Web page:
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What is Joe Biden’s new gun safety bill?

Second Amendment


PRESIDENT Joe Biden signed a new gun safety bill on July 11, 2022, one week after the Fourth of July Highland Park shooting.

The bill is the first gun safety legislation to be passed by Congress in 30 years.

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Joe Biden signed the gun safety bill in June 2022Credit: EPA

What is the new gun safety bill?

The gun safety bill was passed by the House in a  234-193 vote to require states to pass red flag laws that would remove weapons from those who are deemed to be a threat to themselves or others.

The bill also closes the so-called boyfriend loophole, which prevents partners with a history of domestic abuse from obtaining guns.

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As he finished signing the bill, President Joe Biden said: “God willing, it’s going to save a lot of lives.”

The National Rifle Association says it opposes the bill.

In a statement on June 21, it said: “This legislation can be abused to restrict lawful gun purchases, infringe upon the rights of law-abiding Americans, and use federal dollars to fund gun control measures being adopted by state and local politicians.”

The bill received support from 14 Republicans who voted with Democrats to approve the bill.

Senator Chris Murphy (D-Connecticut) led the negotiations in the Senate and ahead of the House’s ruling, he said: “It doesn’t do everything I want.

“But what we are doing will save thousands of lives without violating anyone’s Second Amendment rights.”

Does the gun safety bill do enough?

Advocates for increased gun restrictions say the gun safety bill doesn’t do enough.

The father of a Parkland shooting victim interrupted Biden’s speech after passing the bill to say he had been telling them to increase restrictions since his son was killed in 2018.

Manuel Oliver shouted: “We have to do more than that,” before being escorted out of the White House.

Oliver’s son was killed when a shooter entered Marjory Stoneman Douglas High School in Parkland, Florida, killing 14 students and three staff members.

The speech was called a celebration of the new legislation, but Oliver said although he didn’t plan on interrupting the President, he became overwhelmed with frustration.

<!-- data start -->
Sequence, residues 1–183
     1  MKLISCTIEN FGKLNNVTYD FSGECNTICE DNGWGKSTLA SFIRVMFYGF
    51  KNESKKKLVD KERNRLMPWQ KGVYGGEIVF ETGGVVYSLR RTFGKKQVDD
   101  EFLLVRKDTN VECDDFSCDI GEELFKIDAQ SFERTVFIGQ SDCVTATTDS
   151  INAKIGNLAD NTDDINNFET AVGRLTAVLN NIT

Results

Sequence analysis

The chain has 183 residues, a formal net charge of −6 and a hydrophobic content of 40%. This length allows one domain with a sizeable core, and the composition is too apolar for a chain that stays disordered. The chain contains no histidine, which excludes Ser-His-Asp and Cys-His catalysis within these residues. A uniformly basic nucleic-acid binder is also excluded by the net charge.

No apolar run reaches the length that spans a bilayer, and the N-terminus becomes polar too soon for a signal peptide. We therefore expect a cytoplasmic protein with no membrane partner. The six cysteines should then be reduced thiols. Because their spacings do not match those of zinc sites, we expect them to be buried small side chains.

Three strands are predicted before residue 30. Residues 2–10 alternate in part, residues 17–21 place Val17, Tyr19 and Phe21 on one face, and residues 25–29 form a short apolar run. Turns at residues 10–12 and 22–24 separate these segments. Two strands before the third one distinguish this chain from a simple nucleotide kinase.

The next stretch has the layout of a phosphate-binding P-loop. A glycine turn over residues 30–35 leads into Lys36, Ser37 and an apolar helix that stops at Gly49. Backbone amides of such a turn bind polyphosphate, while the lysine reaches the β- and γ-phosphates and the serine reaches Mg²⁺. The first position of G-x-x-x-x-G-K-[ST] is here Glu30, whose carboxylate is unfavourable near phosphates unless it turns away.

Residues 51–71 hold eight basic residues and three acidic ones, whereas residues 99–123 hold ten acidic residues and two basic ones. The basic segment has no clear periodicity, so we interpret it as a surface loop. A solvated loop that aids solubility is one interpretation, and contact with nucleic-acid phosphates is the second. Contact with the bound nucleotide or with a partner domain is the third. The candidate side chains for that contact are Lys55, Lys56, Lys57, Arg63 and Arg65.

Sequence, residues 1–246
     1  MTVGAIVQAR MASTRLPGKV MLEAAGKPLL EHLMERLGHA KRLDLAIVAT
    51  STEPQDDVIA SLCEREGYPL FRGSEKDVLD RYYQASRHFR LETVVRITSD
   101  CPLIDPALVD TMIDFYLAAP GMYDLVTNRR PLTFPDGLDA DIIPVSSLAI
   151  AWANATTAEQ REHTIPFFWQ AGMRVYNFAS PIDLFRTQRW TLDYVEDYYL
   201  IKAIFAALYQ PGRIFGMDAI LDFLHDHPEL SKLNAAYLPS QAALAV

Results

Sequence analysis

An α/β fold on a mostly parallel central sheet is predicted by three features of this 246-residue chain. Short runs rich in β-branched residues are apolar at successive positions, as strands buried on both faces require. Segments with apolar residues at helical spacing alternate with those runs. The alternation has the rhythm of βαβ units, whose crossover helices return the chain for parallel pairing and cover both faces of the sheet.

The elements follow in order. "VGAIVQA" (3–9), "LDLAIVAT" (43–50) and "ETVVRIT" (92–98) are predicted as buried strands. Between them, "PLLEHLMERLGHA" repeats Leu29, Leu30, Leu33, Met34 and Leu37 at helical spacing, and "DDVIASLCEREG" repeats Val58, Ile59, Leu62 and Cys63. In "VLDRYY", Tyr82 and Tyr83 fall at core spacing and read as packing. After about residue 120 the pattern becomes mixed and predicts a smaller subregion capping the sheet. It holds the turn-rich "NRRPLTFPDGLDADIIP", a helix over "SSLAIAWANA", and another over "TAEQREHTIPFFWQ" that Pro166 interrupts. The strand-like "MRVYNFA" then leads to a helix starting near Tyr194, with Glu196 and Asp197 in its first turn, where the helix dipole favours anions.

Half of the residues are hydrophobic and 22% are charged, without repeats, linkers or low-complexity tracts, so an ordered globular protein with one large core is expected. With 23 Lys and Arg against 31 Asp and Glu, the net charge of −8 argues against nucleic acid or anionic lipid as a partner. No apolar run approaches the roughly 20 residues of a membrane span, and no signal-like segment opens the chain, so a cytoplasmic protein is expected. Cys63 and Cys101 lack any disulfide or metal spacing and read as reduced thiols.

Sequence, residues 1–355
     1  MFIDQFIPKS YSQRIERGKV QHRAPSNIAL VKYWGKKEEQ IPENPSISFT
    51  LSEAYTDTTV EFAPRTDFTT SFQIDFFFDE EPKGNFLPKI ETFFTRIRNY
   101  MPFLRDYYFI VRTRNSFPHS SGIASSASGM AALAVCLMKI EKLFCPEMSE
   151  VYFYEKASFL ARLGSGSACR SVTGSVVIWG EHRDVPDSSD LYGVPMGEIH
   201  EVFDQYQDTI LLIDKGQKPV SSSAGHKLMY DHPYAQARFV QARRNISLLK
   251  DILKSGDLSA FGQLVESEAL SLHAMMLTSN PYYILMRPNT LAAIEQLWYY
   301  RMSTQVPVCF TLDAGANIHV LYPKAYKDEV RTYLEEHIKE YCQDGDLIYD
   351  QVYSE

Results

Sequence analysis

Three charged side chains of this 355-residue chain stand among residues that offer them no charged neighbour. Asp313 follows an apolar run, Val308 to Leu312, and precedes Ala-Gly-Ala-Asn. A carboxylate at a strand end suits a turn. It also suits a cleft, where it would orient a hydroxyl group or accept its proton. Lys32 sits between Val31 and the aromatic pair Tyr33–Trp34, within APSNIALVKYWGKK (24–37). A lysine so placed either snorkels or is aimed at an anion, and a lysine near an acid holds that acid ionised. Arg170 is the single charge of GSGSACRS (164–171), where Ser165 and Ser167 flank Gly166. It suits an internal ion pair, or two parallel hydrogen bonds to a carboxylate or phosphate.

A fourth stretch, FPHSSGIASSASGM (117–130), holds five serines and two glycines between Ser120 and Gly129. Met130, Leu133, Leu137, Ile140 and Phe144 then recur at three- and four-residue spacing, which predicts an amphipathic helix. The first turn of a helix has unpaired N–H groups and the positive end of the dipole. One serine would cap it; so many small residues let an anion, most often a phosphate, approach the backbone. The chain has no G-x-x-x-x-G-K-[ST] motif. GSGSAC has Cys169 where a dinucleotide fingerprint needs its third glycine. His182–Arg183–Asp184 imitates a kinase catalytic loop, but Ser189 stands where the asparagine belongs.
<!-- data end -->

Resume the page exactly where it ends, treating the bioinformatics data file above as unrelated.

“I start feeling a lot of celebration, mood, a lot of joy, collective joy, which isn’t [in] any way what we should be doing. There are people dying every day,” Oliver told ABC News Live.

“I lost my son…and it was the right moment to tell the president what I’m asking for,” he added.

Oliver compared the heightened number of mass shootings across the US to the Covid-19 pandemic, saying the government needs to treat it with the same level of urgency.

He told the outlet he met with Biden in April to discuss gun rights.

“That day, Joe Biden told me, ‘you have to keep on doing what you’re doing, you’ve got to put pressure out there, pursue your goals,’” Oliver said. “And that’s exactly what I did yesterday.”

“We have to do more. He has his way of doing that, I hope,” Oliver added.

Manuel Oliver, father of Parkland shooting victim Joaquin Oliver, interrupted President Joe Biden during his speech on the gun safety bill

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Manuel Oliver, father of Parkland shooting victim Joaquin Oliver, interrupted President Joe Biden during his speech on the gun safety billCredit: AP:Associated Press

Why is the bill groundbreaking?

The gun safety bill is the first restriction implemented in 30 years, following the 1994 legislation that banned military-grade assault weapons.

The law was allowed to expire ten years after it was put in place despite an increase in mass shootings.

However, speaking about the possibility of passing stricter gun laws, Mathew Littman, executive director of the gun safety group 97 Percent, said that it may not be a reality.

“If gun owners aren’t on board, you have a very hard time getting something passed,” he told Deadline.

Although, he said he believes future restrictions will come down to individual states, creating a divide across the US.

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“What you are really going to see in this country is a divide between blue and red states,” Littman said.

“It is going to be in many ways two completely different countries.”



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